Considering that Ireland only qualified for a first major tournament in 1988, it is mad to think that the majority of players in our footballing history never got the chance to grace that stage.
Looking back, we have produced some ridiculous talents that never got the chance to play in a World Cup of European Championships. We have attempted to make a team out of those players, and it would take some beating.
Here's what we came up with:
GK: Alan Kelly Sr.
Alan Kelly earned 47 caps for Ireland over a 17-year period from 1956-1973.
Having started out with Bray Wanderers and Drumcondra (where he won the League of Ireland), he would make the move to Preston North End in 1958, ending his career there 15 years later. He spent time in both the First and Second Division at Preston.
He would go on to manage Ireland for one game in 1980, before managing Preston for a couple of seasons. His son Alan would go on to earn 34 international caps of his own in the 90s and 00s.
RB: Shay Brennan
Part of the first English team to win the European Cup, Shay Brennan made 359 appearances for Manchester United from 1957-1970. Born in Manchester to Irish parents, he became the first player to represent Ireland under the 'granny rule'. It's safe to say he set a trend.
Brennan operated at right back, winning two league titles and the European Cup during his time at Old Trafford, starting that final against Benfica at Wembley. He also won 19 caps for Ireland, finishing off his career at Waterford. He would go on to manage the League of Ireland side to two league titles immediately after retiring.
CB: Johnny Carey
A man many of the younger generation are not all that familiar with, Johnny Carey is one of the most decorated Irish footballers of all-time.
Dubliner Carey joined Manchester United in 1936 at the age of 17, signing for a then League of Ireland record fee of £250 from St. James's Gate. The early years of his career in Manchester would be robbed by World War II, with the defender playing throughout the war period and even joined the British army in the 1940s. He was named club captain after the war, going on to win an FA Cup in 1948 and the league title in 1952.
1948. Manchester United skipper Johnny Carey with the FA Cup pic.twitter.com/6sQx88On3U
— The League Magazine (@Theleaguemag) March 17, 2018
He was part of the first team to beat England on home soil when Ireland beat them 2-0 at Goodison Park in 1949. Later that year, he was named as the Football Writer's Player of the Year in England. He also played nine times for Northern Ireland (or the IFA XI as they were then known), with players regularly swapping between the two teams at the time.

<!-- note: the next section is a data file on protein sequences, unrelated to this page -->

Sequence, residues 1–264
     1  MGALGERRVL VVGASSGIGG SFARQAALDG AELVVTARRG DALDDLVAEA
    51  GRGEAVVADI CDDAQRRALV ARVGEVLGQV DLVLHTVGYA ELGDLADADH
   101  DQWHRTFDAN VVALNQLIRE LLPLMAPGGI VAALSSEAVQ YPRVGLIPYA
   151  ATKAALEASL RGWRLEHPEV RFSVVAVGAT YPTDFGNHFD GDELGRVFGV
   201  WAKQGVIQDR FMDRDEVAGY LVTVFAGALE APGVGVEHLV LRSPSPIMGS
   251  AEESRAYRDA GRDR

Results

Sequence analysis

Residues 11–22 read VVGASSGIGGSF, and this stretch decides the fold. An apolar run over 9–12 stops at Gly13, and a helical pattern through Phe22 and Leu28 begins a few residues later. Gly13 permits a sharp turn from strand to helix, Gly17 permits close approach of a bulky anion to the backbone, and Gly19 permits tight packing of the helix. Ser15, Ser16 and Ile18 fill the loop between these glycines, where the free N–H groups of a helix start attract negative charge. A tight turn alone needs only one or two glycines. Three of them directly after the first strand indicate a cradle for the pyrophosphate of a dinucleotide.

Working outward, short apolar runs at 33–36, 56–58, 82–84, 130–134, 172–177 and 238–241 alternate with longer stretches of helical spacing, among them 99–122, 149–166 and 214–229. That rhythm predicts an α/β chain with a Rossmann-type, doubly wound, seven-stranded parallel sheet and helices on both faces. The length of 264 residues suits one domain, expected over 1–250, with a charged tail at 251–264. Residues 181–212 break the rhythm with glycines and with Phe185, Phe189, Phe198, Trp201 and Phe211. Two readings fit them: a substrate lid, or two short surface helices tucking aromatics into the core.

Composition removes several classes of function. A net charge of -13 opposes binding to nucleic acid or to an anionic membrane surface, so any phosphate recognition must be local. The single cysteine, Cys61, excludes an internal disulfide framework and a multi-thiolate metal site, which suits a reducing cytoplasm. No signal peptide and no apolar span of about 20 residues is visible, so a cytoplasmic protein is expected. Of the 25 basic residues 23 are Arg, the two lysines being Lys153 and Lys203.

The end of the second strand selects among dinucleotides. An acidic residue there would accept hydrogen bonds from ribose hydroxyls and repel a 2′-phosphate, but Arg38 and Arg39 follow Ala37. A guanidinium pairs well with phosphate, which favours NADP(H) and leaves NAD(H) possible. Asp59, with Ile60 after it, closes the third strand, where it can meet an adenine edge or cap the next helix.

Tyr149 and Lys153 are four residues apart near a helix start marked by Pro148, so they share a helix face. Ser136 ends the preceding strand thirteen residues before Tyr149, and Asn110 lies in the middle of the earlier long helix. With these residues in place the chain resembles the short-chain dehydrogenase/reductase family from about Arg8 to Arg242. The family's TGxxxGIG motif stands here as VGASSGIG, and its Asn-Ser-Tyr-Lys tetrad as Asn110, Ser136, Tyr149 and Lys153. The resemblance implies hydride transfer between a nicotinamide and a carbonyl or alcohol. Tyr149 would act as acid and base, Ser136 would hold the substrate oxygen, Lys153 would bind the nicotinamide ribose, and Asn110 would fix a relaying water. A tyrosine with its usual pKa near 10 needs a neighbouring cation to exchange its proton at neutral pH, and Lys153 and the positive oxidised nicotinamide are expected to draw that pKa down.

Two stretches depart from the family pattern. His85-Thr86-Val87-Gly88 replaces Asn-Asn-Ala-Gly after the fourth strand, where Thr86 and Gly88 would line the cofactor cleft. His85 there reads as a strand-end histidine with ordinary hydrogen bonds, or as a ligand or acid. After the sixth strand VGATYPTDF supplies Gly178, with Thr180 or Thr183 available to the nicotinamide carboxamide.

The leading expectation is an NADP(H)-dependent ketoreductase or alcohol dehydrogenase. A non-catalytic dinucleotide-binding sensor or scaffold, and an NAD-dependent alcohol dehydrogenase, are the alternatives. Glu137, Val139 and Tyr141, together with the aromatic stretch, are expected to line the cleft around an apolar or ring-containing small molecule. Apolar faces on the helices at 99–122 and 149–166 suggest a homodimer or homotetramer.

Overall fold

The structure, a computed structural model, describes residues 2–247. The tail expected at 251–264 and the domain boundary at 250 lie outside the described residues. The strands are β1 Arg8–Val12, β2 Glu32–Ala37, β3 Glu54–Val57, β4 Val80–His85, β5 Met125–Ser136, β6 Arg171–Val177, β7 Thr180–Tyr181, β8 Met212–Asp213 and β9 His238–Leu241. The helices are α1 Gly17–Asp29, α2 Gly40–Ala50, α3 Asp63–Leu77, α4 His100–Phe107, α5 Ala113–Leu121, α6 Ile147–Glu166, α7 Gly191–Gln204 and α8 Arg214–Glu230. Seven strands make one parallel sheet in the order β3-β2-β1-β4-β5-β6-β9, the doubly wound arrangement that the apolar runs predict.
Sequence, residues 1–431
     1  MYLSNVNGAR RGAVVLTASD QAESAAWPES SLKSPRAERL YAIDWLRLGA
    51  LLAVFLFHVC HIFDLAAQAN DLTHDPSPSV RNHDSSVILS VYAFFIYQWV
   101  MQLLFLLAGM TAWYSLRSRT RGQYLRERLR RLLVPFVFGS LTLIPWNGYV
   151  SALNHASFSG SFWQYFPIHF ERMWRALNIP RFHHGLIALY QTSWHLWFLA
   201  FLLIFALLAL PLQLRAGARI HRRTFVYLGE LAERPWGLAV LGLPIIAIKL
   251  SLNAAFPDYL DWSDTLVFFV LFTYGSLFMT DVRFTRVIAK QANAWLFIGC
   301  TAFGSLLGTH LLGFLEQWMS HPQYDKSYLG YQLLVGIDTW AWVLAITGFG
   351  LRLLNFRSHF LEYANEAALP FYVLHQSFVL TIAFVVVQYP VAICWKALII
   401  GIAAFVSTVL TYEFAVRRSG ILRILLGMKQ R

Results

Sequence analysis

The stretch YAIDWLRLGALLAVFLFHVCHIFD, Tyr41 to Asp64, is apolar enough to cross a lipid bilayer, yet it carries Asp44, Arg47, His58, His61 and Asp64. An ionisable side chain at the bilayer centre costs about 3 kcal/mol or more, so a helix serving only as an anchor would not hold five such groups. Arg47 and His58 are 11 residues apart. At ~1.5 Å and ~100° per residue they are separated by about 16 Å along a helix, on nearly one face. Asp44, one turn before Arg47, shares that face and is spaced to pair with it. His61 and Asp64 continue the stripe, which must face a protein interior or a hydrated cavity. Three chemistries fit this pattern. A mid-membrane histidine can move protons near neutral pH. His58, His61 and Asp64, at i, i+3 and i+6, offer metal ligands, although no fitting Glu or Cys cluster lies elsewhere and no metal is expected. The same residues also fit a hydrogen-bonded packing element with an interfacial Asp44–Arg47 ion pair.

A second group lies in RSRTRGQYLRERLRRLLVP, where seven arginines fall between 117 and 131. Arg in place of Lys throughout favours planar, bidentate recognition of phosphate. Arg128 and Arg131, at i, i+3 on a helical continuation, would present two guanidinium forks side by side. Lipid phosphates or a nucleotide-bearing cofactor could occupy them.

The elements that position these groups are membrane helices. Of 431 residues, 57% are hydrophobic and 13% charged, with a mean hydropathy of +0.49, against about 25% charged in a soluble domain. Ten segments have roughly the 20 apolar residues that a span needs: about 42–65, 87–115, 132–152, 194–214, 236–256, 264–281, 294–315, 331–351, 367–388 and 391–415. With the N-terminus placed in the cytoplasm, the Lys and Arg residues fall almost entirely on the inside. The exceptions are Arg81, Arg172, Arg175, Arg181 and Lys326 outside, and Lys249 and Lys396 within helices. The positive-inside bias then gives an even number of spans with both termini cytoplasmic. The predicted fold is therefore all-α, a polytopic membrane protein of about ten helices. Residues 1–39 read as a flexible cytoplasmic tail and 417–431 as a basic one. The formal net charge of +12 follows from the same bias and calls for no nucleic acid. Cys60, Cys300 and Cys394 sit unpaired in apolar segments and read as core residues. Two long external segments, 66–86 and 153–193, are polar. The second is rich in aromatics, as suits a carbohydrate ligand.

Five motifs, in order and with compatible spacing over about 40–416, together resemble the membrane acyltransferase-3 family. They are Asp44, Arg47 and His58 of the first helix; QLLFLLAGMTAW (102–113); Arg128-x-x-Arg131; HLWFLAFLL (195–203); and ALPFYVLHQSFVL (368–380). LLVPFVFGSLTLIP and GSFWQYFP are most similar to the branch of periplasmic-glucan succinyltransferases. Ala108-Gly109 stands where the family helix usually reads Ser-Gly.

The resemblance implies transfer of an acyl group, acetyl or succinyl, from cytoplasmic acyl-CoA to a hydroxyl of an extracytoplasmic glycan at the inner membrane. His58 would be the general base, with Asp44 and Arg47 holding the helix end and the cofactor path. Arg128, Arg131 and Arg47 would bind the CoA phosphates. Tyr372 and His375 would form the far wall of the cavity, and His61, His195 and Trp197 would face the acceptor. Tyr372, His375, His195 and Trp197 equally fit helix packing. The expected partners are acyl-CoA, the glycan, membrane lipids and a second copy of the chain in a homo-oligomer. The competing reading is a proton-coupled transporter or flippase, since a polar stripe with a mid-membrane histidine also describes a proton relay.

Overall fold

Carey later went on the manage Ireland for 12 years in the 50s and 60s. He actually played in nine different positions for United, including as goalkeeper. We think he would be ok to play at centre back on this team.
CB: Charlie Hurley
A native of Cork, Charlie Hurley had a long career in English football. He joined Millwall at the age of 17 back in 1953, spending four years at The Old Den. However, it was at Sunderland where he would make his name.
Hurley spent 12 years in the North-East, making over 400 appearances for the club. He helped the club achieve promotion to the First Division in 1964, being narrowly pipped to the Football Writer's Player of the Year award by Bobby Moore, an unthinkable achievement for a second tier player these days. He left the club in 1969 for a two-year spell at Bolton.
During this time, he won 40 cpas for Ireland, no small number for that era. In 1979, he would be named Sunderland's Player of the Century by the club's supporters.
CB: Mark Lawrenson
Mark Lawrenson probably isn't appreciated enough by Ireland fans. Perhaps it is down to the fact that he retired from international duty just before Ireland's golden era, but it is difficult to overstate just how special he was for Liverpool.
He formed one of the greatest centre back partnerships of all time with Alan Hansen, winning five league titles, three League Cups, a European Cup, and one FA Cup at Anfield. He was also named to the PFA Team of the Year on four occasions.
Lawrenson won 37 caps for Ireland, with his last coming one year before the team qualified for Euro 88.
LB: Stephen Carr